Kaziranga National Park

Kaziranga National Park is a UNESCO declared world heritage site occupied by the world’s largest population of one-horned rhinoceros. On top of, it also supports healthy population of royal Bengal tigers, elephants, panthers, bears and thousands species of birds. This reputed national park of India lies in the north eastern part of the country in the state of Assam.

Almost after many decades of efforts and experiments, Kaziranga National Park has become a well-known example of the success of wildlife conservation. As a outcome of sustained conservation endeavor, the estimated number of rhinoceros has significantly increased from just 40 in 1911 to more than 2400 in the year 2018 according to the census which was jointly conducted by the forest department of the Government of the Assam and some recognized wildlife NGOs. The sad part of the story are floods that occurs annually which is spread over Nagoan, Golaghat and Sonitpur districts of Assam and covers an area of little more than a thousand square kilometers (482 square kilometers of core zone and 548 square kilometers of buffer zone).

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Introduction

Kaziranga National Park (KNP) is located in the floodplain of the Brahmaputra River in the Nagoan, Golaghat and Sonitpur districts of Assam, India sprawl over an area of 1030 square kilometers and it is the largest protected region on southern bank of the Brahmaputra River. As far as the terrain of the park is concerned it is flat (approx 55-75 above sea level) with an east to west inclination. Since the park area is the part of the floodplain of the Brahmaputra River the soil of the park is rich in alluvial deposits (sandy loam to clay).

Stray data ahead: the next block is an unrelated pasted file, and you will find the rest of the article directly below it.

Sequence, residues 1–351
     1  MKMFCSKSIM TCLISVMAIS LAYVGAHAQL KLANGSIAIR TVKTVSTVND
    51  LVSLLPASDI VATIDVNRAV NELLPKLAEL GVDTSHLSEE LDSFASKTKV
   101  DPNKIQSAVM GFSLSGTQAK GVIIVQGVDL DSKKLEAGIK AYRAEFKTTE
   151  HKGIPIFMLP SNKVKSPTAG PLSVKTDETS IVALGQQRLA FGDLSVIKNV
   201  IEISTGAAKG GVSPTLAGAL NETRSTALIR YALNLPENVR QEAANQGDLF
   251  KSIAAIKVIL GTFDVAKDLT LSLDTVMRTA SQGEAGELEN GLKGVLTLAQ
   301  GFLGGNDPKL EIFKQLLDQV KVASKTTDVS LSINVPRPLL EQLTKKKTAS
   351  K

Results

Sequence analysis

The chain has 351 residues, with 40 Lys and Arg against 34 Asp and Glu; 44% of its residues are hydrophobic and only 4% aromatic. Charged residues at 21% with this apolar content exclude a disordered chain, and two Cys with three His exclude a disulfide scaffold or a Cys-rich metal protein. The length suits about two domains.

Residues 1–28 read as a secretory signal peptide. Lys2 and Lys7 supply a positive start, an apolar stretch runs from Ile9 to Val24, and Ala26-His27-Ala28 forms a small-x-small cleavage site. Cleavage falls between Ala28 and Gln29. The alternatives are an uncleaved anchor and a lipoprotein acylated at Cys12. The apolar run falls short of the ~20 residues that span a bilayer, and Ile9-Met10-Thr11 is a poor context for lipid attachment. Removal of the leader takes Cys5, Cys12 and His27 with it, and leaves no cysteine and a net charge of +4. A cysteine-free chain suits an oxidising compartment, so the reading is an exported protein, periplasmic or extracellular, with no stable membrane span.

The was also declared as a Tiger Reserve by the Government of India that inherit its name from the Karbi language in which the word ‘Kazi’ means ‘Goat’ or ‘Deer’ and ‘Rangai’ means ‘Red’,thus meaning ‘the land of red goats or deer’. The park enjoys the ecologically rich Indo-Malayan biological environment. Many small rivers and channels flow through the Kaziranga from east to west, mostly emerginging from the Karbi Anglong hills to the south, run northwards and ultimately drain into Brahmaputra River, adding to its catchment area.

History of Kaziranga National Park

In the early twentieth century, in between the wake of aggressive industrialization, the concept and idea of national parks as a space for public recreation and protection of flora and fauna had firmly taken shape and became one of the central concerns of the modern nation state. And the united states become the leader in shaping early ideologies of the national park. And hence the ideological paradigm of wildlife conservation in Kaziranga National Park has changed significantly over a long period. Since its establishment as a game sanctuary in the early twentieth century and gradually being given the status of a national park, Kaziranga has experienced varied forms of natural conservation policies.

Actually the conservation efforts in Kaziranga began in the year of 1908, when it was notified as a ‘Reserve Forest’, with the main focus on protecting the Indian Rhinoceros and its habitat. The park was subsequently declared as a ‘Game Reserve’ in 1916. Later in the year of 1950 it became ‘Wildlife Sanctuary’ and finally on January 01, 1974 declared as a ‘National Park’. It was also proclaimed as a UNESCO ‘World Heritage Site’ in 1985.

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Let’s see the Quick Facts of KNP

1 1905 The Conservation journey Begins (and the journey continues…)
2 1905 Lady Curzon Visited But Could Only See The Hoof Marks Of Rhino. Persuaded Lord Curzon For Conservation Of Rhino
3 1908 Declared as Reserve Forest
4 1916 Declared as Game Sanctuary
5 1937 Opened for Tourists
5 1937 Opened for Tourists
6 1950 Wildlife Sanctuary Named as Kaziranga